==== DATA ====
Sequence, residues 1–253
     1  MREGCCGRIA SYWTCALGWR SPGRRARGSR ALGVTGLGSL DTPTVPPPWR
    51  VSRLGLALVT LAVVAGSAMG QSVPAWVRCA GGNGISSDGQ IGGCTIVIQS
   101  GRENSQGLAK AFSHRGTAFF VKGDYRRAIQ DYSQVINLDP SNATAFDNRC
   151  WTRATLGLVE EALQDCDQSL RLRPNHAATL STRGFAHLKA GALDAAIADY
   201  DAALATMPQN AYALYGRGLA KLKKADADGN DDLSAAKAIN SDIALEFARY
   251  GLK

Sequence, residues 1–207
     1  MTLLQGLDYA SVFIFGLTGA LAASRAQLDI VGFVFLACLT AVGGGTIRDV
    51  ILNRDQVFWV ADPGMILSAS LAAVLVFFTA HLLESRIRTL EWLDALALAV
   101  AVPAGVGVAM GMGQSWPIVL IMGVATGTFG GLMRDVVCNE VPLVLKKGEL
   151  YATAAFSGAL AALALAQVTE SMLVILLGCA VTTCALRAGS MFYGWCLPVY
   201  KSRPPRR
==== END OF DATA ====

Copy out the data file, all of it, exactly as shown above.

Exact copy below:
Sequence, residues 1–253
     1  MREGCCGRIA SYWTCALGWR SPGRRARGSR ALGVTGLGSL DTPTVPPPWR
    51  VSRLGLALVT LAVVAGSAMG QSVPAWVRCA GGNGISSDGQ IGGCTIVIQS
   101  GRENSQGLAK AFSHRGTAFF VKGDYRRAIQ DYSQVINLDP SNATAFDNRC
   151  WTRATLGLVE EALQDCDQSL RLRPNHAATL STRGFAHLKA GALDAAIADY
   201  DAALATMPQN AYALYGRGLA KLKKADADGN DDLSAAKAIN SDIALEFARY
   251  GLK

Sequence, residues 1–207
     1  MTLLQGLDYA SVFIFGLTGA LAASRAQLDI VGFVFLACLT AVGGGTIRDV
    51  ILNRDQVFWV ADPGMILSAS LAAVLVFFTA HLLESRIRTL EWLDALALAV
   101  AVPAGVGVAM GMGQSWPIVL IMGVATGTFG GLMRDVVCNE VPLVLKKGEL
   151  YATAAFSGAL AALALAQVTE SMLVILLGCA VTTCALRAGS MFYGWCLPVY
   201  KSRPPRR